NEW YORK – Forty years ago it would have been unthinkable to see the top 10 of the Billboard Hot 100 singles chart made up entirely of black artists.
This week, for the first time ever, the top 10 chart is comprised exclusively of black hip-hop and R&B performers, including superstars Beyoncé (search), 50 Cent (search) and Nelly (search), alongside up-and-comers like Chingy and YoungBloodZ.
"This is obviously a landmark week for R&B and hip-hop artists, and black artists on the charts," says Billboard rap editor Rashaun Hall.
"It's been an ebb and flow for the last couple of years, and this is clearly the most dominant time. It's two genres whose time has come. Hip-hop dominates every other segment of pop culture, whether it's film or television or just music in general. It was just a matter of time before it took over the charts."
Unlike the Soundscan sales-based Billboard Top 200 album chart - whose top 10 this week features five hip-hop and R&B albums - the Hot 100 singles chart is based on a number of elements, including Nielsen radio ratings, Soundscan numbers and radio station playlists.
This week's chart is led by Beyoncé's "Baby Boy," which features reggae singer Sean Paul. While the other entries in the top 10 are all rap songs, two of them feature choruses by R&B singers, a trend that has grown over time in songs by rappers such as Ja Rule and may contribute to some of the crossover potential of hip-hop tracks.
"It's definitely a best of both worlds scenario," Hall says.
Other entries in this week's top 10 include Lil Jon at No. 3, with the club fave "Get Low"; 50 Cent with "P.I.M.P," at No. 7; and Black Eyed Peas at No. 10, with "Where Is the Love?" - the only song to feature a white singer, thanks to an uncredited Justin Timberlake appearance in the chorus.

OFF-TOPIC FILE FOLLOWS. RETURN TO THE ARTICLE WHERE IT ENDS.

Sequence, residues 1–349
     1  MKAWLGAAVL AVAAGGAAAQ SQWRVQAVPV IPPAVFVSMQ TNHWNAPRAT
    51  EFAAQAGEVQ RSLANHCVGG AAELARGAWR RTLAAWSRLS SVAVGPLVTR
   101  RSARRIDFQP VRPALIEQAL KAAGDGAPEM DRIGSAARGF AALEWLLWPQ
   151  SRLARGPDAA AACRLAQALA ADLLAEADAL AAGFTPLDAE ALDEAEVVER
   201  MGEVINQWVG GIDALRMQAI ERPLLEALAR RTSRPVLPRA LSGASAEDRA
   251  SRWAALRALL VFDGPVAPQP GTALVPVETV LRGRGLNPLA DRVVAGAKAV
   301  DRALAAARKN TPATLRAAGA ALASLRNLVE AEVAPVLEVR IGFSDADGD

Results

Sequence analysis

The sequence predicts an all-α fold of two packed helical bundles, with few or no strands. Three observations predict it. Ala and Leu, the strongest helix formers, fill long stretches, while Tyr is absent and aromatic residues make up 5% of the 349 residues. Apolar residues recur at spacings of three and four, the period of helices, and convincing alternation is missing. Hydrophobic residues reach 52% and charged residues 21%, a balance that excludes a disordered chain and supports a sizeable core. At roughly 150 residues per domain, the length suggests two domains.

"It's a huge day in that the singles-sweep makes tangible what kids all over the world have known for decades: that black music is the engine that drives American pop," says author Donnell Alexander, whose book "Ghetto Celebrity" explores his journey from son to father in a hip-hop-saturated world.
"Look at the range of talent on this list: Beyoncé, 50 Cent, everyone really. These aren't just artists who sell a ton of CDs. They also help lift the bar, in terms of artistic achievement.
"It's like once you go black, you never go back. There will be Asian artists on these lists, Latin artists. But we certainly won't ever go back to white pop."
But Z100 DJ Paul "Cubby" Bryant is more pragmatic in his analysis.
"I don't see this being all that surprising considering hip-hop and R&B are really crossing over in all areas. It's appealing to all different colors and races," he says.
"It comes in waves. You're always going to have different music. Who knows? The boy bands may be ruling the top 100 in about a year. It all comes in cycles, but I don't think skin color is a big issue.
"A hit's a hit."
Billboard top 10
1) Baby Boy - Beyoncé featuring Sean Paul
2) Shake Ya Tailfeather - Nelly, P. Diddy & Murphy Lee
3) Get Low - Lil Jon & The East Side Boyz featuring Ying Yang Twins
4) Right Thurr - Chingy
5) Frontin' - Pharrell Featuring Jay-Z
6) Damn! - YoungBloodZ featuring Lil' Jon
7) P.I.M.P. - 50 Cent
8) Into You - Fabolous featuring Tamia or Ashanti
9) Stand Up - Ludacris featuring Shawnna
10) Where is The Love? - Black Eyed Peas